Digital Directions: Are You Putting the Wrong Product in the Wrong Medium?
3. Location-aware. This is a big one. The mobile device knows where you are, which could add real value to content. Instead of madly flipping through Zagat on a rainy night in Cleveland, a mobile restaurant guide could present those restaurants that are closest to you. Same content. Better way to get it.
4. Camera-enabled. The fact that the mobile device contains a remarkably good camera has not been fully exploited. Social media applications that can intelligently organize mobile imagery have the potential of creating significant value far beyond the entertainment value of Flickr.
5. Lower resolution. The iPhone display is beautiful, but it is about 1/8 of a megapixel. Hey, you can’t have everything.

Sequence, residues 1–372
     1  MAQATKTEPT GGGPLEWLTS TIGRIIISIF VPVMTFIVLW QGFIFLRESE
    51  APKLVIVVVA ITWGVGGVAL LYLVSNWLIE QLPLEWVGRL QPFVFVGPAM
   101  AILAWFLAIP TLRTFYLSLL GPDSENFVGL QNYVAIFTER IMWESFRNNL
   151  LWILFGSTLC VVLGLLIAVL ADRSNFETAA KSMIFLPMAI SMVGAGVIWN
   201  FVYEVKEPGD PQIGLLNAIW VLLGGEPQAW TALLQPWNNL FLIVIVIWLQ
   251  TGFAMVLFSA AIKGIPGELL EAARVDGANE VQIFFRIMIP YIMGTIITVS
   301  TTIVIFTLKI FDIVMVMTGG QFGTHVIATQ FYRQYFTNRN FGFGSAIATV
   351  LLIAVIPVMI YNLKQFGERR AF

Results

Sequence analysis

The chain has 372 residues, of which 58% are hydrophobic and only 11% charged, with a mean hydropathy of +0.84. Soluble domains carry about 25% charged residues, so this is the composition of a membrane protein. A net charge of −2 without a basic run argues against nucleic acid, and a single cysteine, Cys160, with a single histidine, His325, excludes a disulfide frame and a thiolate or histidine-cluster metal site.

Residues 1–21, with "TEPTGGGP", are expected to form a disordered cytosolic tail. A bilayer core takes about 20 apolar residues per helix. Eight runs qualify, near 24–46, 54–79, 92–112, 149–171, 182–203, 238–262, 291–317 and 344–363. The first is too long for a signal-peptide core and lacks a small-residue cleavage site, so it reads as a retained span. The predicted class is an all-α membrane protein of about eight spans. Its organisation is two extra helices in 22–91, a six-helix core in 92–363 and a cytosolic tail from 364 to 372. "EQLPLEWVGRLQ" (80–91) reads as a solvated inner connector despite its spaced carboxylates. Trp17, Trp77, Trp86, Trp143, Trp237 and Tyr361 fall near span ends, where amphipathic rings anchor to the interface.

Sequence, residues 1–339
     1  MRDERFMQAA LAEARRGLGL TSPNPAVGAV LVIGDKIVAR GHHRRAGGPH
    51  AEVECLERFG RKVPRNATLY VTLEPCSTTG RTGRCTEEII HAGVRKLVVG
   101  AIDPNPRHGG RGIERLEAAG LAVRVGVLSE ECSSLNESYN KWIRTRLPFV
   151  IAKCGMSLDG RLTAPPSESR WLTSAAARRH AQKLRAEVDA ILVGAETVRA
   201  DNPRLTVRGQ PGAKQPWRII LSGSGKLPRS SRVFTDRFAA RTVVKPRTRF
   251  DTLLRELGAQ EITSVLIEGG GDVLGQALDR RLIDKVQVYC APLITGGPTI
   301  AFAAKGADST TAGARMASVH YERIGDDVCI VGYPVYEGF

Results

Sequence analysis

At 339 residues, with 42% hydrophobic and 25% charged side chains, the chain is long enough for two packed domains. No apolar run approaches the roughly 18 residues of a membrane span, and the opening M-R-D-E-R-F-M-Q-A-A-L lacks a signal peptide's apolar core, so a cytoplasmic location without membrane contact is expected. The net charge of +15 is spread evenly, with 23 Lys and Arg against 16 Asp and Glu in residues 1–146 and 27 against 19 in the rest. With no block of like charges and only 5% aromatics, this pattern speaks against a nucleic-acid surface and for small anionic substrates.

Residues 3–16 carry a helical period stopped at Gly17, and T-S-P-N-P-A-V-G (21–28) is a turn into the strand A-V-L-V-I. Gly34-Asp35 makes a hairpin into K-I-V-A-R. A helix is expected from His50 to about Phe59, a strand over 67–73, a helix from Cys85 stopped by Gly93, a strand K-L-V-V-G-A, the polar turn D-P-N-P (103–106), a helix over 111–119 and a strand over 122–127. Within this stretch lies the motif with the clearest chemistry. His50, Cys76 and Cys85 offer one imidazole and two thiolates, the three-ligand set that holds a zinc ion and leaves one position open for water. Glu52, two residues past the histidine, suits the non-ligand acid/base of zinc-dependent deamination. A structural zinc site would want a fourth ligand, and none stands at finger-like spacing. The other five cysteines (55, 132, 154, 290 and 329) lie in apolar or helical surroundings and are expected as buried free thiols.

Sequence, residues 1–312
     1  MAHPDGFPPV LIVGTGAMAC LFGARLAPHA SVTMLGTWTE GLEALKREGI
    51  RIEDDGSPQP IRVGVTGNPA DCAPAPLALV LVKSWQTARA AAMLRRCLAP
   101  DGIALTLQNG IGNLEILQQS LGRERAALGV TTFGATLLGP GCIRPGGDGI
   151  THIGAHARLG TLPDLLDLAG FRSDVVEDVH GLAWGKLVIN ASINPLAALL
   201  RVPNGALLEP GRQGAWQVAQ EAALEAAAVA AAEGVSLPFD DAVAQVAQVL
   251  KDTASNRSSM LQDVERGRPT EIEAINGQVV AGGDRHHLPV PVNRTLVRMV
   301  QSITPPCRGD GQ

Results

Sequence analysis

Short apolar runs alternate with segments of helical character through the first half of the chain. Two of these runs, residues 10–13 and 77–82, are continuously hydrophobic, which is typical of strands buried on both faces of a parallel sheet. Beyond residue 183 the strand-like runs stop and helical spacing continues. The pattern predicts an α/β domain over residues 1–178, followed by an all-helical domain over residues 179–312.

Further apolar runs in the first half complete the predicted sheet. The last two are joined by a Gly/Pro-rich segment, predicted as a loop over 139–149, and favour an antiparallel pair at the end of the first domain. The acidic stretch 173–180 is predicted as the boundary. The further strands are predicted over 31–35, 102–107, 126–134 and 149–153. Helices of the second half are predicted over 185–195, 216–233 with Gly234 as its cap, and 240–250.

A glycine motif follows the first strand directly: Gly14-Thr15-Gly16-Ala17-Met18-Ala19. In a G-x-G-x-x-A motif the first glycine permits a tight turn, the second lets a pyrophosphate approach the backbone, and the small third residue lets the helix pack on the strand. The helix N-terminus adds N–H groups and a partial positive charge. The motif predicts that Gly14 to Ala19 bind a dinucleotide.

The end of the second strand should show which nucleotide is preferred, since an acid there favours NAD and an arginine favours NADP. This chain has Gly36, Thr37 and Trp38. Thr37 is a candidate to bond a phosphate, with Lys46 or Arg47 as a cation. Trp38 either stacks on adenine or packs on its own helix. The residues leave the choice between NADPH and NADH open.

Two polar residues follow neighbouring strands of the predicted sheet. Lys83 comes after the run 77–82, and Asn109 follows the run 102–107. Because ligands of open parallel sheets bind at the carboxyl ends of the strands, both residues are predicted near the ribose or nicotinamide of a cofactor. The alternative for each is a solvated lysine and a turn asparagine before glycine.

Products That Span All Media
Publishing models fail when a product is put into a medium for which it is not best suited. For example, newspaper classifieds collapsed because print lacked the ability for individuals to post and edit their own ads. Enter the two-way, instantaneous Web and Craigslist.
Perishable content that needs to be continually revised and reprinted has a reduced window in which to amortize production costs. Such content is more economically feasible when supported digitally.
Nonperishable content in which reading comfort, portability and transferability are valued—such as novels—are likely best delivered in traditional print. By the way, if all books were electronic, how would we give them as gifts? Gift certificates via e-mail? Yuck.
The most exciting opportunities available to us as content creators and distributors are in envisioning product models that span media, in which each component of the product uses the unique attributes of each medium. Some possible opportunities:
• A travel offering in which a visually rich, introductory print component was bundled with a location-aware travel guide and a Web-based travel community site.